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UK: Human rights group blames UK and USA police’s harassment for Muslim fundamentalist killer’s crimes

Saturday 28 February 2015, by siawi3


London, February 28, 2015
Updated: February 28, 2015 00:11 IST

Emwazi was on security radar from 2010

British and United States intelligence services have long known the true identity of the man nicknamed “Jihadi John†— the masked jihadist with the British accent who appeared in IS videos of beheadings of western hostages last year. It was information that they withheld “for operational reasons.†Today, although the U.S. government has officially confirmed the identity of the person as Kuwait-born U.K. citizen Mohammad Emwazi, the London police and British officials have refused to do so.

It now transpires that Emwazi has been on the radar of the security services from 2010, and was interrogated by them more than once.
Speaking at a press conference in Wales, Prime Minister David Cameron said that he was “not going to talk about specific individuals,†adding that the security forces would be working to apprehend the perpetrator of “heinous†crimes. Indeed, he defended the security forces as “extraordinary men and women†whose work in this difficult period had kept the country safe.

Emwazi is believed to have killed American journalist James Foley, a murder shown in a video released by IS last August. He is also believed to have been involved in the beheadings of U.S. journalist Steven Sotloff, British aid worker David Haines and taxi-driver Alan Henning, and U.S. aid worker Peter Kassig.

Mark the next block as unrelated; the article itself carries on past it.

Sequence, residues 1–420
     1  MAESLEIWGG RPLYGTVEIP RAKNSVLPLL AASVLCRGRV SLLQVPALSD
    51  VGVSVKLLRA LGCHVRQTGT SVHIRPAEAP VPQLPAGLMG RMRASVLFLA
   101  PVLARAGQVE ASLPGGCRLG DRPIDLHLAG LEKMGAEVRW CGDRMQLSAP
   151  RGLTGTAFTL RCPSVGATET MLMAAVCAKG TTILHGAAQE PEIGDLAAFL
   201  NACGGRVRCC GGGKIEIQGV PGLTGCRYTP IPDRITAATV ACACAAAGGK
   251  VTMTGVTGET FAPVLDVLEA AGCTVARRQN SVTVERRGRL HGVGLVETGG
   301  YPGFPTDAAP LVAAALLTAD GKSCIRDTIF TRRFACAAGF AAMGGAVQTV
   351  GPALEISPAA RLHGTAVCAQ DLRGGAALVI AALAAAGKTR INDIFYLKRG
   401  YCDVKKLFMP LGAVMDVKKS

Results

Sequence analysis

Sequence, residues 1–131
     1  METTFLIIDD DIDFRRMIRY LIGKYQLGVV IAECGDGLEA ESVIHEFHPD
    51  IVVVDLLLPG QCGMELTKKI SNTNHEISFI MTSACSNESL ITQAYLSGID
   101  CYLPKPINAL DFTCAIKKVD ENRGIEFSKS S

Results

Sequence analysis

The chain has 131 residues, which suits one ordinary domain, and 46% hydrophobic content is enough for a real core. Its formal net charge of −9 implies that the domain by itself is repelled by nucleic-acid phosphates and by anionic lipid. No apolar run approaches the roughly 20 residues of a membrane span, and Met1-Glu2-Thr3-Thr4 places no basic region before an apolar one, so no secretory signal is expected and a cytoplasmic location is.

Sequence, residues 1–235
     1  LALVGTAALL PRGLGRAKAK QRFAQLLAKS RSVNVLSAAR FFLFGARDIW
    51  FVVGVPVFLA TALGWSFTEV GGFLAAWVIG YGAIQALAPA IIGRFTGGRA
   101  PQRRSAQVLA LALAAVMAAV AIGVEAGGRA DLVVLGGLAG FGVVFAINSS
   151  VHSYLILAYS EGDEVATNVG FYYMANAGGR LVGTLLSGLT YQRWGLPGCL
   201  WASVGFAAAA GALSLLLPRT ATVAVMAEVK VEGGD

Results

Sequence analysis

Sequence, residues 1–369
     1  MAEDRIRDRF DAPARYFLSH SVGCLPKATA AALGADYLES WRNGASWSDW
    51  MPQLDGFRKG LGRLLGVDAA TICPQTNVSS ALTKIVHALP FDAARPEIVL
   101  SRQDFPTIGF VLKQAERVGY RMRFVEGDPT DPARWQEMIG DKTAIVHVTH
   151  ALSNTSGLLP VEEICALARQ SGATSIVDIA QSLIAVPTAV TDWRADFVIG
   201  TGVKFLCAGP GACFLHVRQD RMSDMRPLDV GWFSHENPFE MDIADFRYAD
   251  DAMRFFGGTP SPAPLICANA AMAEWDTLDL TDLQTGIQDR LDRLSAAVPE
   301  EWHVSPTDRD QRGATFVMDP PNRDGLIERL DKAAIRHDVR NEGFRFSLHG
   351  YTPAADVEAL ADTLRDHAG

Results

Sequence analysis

The wife of Mr. Haines has been quoted in the media as saying that she wants the terrorist caught alive and tried, although his daughter has said that she wanted to see Emwazi with a “bullet between the eyes.†The mother of Mr. Foley told the media that she had “forgiven†her son’s murderer.

The prison advocacy group CAGE (set up by former Guantanamo detainee Moazzem Begg) , which claims that Emwazi was in touch with them for two years before he left for Syria, blamed the British authorities for Emwazi’s radicalization, calling current anti-terror laws “suffocating†at a press conference in London on Thursday.

According to a profile of Emwazi on the CAGE website, he was raised and educated in West London and completed a degree in 2009. He and two friends went to Tanzania for a safari the same year, when they were apprehended at the airport and turned back via Amsterdam. At the Amsterdam airport, CAGE claims, they were interrogated by Dutch and U.K. intelligence officials.
Emwazi reportedly visited Kuwait twice in 2010 on work, and was interrogated by the U.K. police on both occasions at Heathrow on his return. CAGE claims that he sought the assistance of human rights groups and lawyers to help him move and settle in Kuwait.